IMA-NA announces safety recognition awards

Tina Grady Barbaccia

April 28, 2011

The Industrial Minerals Association – North America (IMA-NA) on April 28 announced the companies and mining operations that will receive its safety recognition awards.

IMA-NA Vice Chairman David Brown and IMA-NA President Mark Ellis presented the awards at the IMA-NA’s Spring Meeting. The safety recognition awards program is run in cooperation with the U.S. Department of Labor’s Mine Safety and Health Administration (MSHA).

Six companies and 24 individual mining operations were honored. The two classes of awards recognize different levels of safety performance.

The IMA-NA Safety Achievement Award recognizes the best reportable injury rate for an individual IMA-NA member company by size category for the preceding calendar year, in this case 2010.

The award criteria evaluate a company’s safety performance at all of its U.S. facilities and non-U.S. mining sites in North America. This year’s winners include the following:

  • OCI Wyoming L.P.


Large Category (700,000 or more employee hours)

(761,860 hours)

  • Columbia River Carbonates

Woodland, Wash.

Medium Category (Fewer than 700,000 but more than 100,000 employee hours)

(104,358 hours)

  • Old Hickory Clay Company

Mayfield, Ky.

Small Category (Fewer than 100,000 employee hours)

(71,196 hours)

“The safety performance of these IMA members is truly inspiring,” enthused IMA-NA’s Mark Ellis.  “OCI Wyoming had only 3 injuries while working 761,860 employee hours, for an injury rate of 0.79 per 200,000 employee work-hours. Columbia River Carbonates and Old Hickory Clay Company each had a zero reportable injury rate, while working 104,358 and 71,196 employee work-hours respectively. To put that in perspective, the preliminary injury rate for all metal and nonmetal mines in 2010 was 2.56.”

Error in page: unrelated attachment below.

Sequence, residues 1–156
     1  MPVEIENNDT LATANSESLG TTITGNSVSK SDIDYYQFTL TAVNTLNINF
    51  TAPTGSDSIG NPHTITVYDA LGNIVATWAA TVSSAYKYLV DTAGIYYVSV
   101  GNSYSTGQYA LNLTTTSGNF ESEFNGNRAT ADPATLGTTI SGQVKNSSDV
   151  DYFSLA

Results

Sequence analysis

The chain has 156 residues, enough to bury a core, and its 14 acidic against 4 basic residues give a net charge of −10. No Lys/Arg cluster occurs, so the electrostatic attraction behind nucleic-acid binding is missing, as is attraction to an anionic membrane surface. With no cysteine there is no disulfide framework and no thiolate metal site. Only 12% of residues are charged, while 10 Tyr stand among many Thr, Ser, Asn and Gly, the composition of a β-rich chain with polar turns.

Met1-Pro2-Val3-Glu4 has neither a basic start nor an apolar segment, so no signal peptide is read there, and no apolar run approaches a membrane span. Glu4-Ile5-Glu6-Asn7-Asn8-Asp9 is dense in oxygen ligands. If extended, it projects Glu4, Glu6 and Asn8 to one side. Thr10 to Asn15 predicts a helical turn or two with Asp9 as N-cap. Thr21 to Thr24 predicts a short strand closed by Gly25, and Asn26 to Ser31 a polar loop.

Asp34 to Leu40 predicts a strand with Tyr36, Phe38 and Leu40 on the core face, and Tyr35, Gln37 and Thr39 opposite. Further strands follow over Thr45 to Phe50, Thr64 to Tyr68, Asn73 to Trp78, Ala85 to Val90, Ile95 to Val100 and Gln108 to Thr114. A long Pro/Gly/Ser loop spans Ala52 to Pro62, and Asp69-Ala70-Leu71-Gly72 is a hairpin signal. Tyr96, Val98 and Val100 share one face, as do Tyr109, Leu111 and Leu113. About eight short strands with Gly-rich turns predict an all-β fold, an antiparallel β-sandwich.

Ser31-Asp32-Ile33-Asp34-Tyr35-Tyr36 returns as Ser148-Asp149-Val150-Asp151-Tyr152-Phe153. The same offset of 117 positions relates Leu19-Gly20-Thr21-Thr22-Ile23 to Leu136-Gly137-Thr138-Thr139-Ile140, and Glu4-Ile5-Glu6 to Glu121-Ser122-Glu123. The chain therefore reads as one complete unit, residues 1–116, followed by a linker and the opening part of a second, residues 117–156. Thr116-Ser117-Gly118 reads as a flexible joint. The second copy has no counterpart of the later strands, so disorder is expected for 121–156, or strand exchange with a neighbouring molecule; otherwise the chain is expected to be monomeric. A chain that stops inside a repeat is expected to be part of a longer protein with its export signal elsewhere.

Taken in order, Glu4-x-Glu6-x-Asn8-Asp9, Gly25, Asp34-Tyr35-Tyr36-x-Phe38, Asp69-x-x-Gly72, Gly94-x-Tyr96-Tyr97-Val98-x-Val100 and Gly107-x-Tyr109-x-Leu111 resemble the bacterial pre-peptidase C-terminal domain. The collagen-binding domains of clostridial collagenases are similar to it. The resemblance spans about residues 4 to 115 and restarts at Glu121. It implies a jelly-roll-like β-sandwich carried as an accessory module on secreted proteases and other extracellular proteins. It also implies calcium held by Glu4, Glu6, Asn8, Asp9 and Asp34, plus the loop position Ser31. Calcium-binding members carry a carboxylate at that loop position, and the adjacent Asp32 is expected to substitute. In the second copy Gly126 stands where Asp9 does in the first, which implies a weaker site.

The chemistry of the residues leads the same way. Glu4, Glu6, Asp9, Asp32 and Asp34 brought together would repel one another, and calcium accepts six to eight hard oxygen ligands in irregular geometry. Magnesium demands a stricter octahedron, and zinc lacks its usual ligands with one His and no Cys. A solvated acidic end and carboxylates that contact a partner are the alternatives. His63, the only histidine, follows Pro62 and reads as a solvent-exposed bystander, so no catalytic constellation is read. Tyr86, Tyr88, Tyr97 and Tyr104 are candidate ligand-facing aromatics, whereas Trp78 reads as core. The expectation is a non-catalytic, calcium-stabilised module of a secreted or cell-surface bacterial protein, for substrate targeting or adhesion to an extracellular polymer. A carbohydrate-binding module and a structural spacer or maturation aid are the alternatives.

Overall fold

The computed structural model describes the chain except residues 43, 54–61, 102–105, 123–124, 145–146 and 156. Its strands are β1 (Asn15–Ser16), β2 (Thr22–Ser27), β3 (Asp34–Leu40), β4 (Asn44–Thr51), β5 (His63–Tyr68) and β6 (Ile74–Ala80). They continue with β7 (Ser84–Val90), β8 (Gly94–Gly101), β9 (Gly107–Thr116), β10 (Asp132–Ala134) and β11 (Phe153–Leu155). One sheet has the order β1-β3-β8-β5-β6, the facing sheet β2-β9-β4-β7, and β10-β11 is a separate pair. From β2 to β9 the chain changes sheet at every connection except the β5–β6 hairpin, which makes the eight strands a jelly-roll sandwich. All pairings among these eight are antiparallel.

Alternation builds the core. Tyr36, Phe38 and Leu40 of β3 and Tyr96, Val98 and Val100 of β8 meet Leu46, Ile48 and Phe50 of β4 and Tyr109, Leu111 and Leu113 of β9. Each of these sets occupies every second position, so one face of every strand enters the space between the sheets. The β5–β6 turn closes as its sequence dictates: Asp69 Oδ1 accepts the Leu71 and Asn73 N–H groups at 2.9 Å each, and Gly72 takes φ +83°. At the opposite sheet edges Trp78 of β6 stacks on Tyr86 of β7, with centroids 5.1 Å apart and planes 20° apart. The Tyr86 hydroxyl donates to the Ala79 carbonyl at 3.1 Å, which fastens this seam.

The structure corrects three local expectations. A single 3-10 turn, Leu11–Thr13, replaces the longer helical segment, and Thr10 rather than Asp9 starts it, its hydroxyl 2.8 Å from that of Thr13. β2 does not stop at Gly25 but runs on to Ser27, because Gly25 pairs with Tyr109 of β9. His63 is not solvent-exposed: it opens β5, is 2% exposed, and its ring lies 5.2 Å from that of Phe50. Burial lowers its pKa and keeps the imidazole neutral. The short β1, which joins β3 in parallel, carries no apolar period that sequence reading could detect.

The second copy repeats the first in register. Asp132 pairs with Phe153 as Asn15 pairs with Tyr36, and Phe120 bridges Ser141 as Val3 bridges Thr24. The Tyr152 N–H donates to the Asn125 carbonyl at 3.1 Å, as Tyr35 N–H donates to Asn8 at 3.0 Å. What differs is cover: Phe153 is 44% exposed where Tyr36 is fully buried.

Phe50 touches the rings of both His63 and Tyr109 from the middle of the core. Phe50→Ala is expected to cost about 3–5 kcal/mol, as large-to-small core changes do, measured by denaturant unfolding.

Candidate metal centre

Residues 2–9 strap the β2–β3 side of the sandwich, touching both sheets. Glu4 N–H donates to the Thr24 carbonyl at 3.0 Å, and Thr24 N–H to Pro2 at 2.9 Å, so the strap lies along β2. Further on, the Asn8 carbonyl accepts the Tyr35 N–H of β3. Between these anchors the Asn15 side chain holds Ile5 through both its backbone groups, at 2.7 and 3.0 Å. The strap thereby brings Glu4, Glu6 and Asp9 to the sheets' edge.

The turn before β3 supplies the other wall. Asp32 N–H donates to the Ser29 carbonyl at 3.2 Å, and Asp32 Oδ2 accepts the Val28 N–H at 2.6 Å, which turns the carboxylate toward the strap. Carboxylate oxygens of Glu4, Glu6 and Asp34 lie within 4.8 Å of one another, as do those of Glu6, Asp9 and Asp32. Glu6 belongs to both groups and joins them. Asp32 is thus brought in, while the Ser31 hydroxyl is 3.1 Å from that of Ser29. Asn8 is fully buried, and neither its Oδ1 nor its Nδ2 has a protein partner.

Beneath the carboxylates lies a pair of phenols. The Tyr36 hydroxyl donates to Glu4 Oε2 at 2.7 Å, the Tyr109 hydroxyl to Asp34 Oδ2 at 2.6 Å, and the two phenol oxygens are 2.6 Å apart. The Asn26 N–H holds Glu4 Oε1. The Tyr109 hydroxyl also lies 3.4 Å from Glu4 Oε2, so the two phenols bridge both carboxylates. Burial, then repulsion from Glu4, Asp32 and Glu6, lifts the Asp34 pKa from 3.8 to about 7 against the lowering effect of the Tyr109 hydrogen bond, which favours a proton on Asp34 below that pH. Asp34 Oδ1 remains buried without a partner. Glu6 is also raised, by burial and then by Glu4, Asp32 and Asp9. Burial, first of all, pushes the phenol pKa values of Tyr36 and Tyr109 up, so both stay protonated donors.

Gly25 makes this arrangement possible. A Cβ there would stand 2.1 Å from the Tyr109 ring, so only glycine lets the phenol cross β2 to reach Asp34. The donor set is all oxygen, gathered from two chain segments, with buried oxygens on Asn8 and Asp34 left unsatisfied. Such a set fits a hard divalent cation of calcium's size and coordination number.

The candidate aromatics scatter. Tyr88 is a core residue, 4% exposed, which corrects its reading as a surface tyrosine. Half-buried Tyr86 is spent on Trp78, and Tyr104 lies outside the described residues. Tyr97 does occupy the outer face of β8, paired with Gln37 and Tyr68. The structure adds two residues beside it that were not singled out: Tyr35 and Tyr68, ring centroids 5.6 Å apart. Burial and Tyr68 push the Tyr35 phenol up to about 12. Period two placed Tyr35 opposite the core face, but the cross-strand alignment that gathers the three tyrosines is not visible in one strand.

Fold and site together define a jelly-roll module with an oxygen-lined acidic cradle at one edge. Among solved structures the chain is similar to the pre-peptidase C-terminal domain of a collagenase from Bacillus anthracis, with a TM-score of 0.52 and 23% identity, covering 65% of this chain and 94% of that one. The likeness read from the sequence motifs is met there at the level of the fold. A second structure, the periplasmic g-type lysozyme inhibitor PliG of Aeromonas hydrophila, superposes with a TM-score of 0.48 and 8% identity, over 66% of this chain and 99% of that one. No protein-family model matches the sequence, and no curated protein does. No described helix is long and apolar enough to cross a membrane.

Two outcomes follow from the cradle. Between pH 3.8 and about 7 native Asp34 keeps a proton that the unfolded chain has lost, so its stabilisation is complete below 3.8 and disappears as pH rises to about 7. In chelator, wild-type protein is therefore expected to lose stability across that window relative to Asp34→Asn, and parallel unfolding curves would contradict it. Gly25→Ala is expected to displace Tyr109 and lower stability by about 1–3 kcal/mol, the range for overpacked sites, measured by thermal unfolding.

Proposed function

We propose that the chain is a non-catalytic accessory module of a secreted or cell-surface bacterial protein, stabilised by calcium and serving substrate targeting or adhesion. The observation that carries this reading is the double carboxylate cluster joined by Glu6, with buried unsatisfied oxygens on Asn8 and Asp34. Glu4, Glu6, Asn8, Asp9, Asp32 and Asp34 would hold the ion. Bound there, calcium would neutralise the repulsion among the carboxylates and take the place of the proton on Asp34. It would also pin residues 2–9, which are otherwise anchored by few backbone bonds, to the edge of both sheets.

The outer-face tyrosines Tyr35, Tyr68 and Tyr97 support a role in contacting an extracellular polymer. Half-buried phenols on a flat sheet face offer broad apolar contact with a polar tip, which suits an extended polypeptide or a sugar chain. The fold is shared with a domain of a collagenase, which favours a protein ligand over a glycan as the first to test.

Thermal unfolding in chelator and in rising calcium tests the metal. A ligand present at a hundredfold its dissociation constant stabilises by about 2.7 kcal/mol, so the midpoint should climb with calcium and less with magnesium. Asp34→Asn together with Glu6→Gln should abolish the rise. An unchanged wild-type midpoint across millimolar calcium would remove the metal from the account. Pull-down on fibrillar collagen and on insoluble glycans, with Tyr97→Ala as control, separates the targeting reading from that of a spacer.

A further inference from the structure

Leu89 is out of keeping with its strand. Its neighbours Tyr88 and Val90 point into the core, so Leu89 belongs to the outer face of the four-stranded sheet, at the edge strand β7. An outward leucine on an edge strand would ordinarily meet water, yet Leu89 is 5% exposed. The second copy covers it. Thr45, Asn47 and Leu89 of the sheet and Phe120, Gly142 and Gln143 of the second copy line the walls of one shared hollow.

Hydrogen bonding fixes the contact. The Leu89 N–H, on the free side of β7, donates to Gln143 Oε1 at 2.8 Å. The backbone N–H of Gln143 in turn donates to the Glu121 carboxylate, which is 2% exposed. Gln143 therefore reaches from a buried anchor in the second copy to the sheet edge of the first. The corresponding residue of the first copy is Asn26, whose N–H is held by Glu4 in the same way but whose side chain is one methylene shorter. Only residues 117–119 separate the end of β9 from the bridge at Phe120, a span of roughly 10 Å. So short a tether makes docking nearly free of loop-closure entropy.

Three additional Small Category companies tied the winning zero reportable injury rate, but had fewer employee hours.

Of these companies, Ellis said, “These honorees operated all of their mines throughout 2010 with zero injuries. That truly is benchmark mine safety performance.”

Each company received a Safety Achievement Certificate in recognition of their outstanding safety performance.

The companies include the following:

  • A.F. Gelhar Co., Inc.

Fairwater, Wis.

Small Category (Fewer than 100,000 employee hours)

(30,268 hours)

  • C.E.D. Process Minerals, Inc.

Akron, Ohio

Small Category (Fewer than 100,000 employee hours)

(24,547 hours)

  • S&B Industrial Minerals N.A., Inc.

Niagara Falls, N.Y.

Small Category (Fewer than 100,000 employee hours)

(20,837 hours)

IMA-NA and MSHA also jointly recognized 24 individual IMA-NA-member U.S. mining operations for working 200,000 continuous employee hours during 2010 without a single reportable employee injury. This year’s honorees include:

First-Time Honorees

  • KaMin LLC

Sandersville Plant

Washington County, Ga.

(340,728 hours)

  • Imerys SA

Sylacauga – Imerys USA

Talladega County, Ala.

(314,413 hours)

  • KaMin LLC

Wrens Plant

Jefferson County, Ga.

(294,127 hours)

  • Bentonite Performance Minerals LLC

Colony Mill

Crook County, Wy.

(274,065 hours)